American Health Care Act of 2017 Passes on a Vote of 217-213

May 4, 2017

American Health Care Act of 2017 Passes on a Vote of 217-213

On Thursday, May 4, 2017, the US House of Representatives passed the American Health Care Act of 2017 on a largely party line vote
of 217-213. The bill was previously pulled from consideration in March when it was clear that Republicans were not able to garner a sufficient number of votes amongst conservative and some moderate members in order to secure passage.

Two important amendments were then added to the bill. The first allows States to obtain a waiver from the key provisions of the Affordable Care Act (aka Obamacare) to provide essential health benefits. Those benefits as outlined by the ACA include, ambulatory patient services, emergency services, hospitalization, maternity and newborn care, mental health treatment, prescription drugs, rehab services, lab services, preventative medicine, and pediatric services. The waivers are automatically approved unless The Department of Health and Human Services objects within 60 days. The amendment also allows States to charge older enrollees more than younger ones at a ratio higher than the 5:1 level specified in the original bill. This would presumably be done through high-risk pools.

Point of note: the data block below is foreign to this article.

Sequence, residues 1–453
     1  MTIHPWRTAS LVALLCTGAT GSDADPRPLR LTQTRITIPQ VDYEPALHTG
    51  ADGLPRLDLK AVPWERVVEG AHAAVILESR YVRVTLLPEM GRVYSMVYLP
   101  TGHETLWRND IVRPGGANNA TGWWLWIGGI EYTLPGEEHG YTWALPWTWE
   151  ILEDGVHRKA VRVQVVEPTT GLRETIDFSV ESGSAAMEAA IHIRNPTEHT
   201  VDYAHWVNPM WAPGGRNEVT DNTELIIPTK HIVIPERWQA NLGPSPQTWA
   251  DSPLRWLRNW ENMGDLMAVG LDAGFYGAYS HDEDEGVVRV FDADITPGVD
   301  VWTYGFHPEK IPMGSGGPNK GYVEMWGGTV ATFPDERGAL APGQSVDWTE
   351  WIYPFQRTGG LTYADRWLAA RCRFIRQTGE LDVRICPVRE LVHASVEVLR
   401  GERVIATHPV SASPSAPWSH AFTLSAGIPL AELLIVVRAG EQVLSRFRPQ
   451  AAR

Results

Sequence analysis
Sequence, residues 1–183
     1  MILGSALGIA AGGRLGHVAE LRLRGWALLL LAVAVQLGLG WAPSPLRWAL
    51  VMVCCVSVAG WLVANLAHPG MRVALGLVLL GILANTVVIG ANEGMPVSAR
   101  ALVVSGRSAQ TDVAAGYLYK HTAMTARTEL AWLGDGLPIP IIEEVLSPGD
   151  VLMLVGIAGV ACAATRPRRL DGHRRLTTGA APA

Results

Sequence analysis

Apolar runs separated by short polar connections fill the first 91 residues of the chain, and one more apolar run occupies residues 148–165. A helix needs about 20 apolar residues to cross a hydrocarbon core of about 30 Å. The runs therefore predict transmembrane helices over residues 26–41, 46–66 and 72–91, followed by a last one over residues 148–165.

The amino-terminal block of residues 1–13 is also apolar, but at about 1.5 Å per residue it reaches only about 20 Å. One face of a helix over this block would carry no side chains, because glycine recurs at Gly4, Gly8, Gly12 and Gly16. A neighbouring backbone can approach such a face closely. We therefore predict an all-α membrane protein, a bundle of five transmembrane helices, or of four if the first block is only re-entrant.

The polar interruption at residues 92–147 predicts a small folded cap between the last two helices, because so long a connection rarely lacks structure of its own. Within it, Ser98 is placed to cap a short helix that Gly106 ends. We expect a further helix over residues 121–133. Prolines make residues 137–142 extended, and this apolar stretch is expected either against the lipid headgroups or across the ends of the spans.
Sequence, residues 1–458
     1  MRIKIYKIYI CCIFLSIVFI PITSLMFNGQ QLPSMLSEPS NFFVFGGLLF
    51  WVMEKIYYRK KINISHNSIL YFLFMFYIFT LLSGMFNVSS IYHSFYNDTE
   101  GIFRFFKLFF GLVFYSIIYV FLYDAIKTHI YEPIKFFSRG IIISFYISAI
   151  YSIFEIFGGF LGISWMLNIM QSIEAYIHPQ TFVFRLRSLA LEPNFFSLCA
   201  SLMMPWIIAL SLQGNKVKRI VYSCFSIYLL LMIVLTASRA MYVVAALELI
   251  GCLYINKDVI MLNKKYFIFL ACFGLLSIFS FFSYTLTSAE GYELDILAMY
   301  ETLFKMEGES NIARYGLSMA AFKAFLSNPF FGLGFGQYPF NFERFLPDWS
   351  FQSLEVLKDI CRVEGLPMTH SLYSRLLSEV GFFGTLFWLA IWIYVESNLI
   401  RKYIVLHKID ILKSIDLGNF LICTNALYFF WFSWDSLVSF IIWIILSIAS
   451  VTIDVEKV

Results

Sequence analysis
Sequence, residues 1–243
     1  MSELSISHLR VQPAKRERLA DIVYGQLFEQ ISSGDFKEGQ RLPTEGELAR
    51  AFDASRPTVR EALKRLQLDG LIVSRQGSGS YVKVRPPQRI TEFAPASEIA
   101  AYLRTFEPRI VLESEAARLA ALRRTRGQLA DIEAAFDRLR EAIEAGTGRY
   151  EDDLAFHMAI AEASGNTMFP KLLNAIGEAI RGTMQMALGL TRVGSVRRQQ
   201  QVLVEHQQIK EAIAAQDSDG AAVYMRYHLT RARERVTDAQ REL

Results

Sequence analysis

The second amendment, offered just hours before the House vote, injects $8 billion into the system to subsidize premiums for those with preexisting conditions.

The bill now heads to the Senate where it will certainly undergo substantial modification.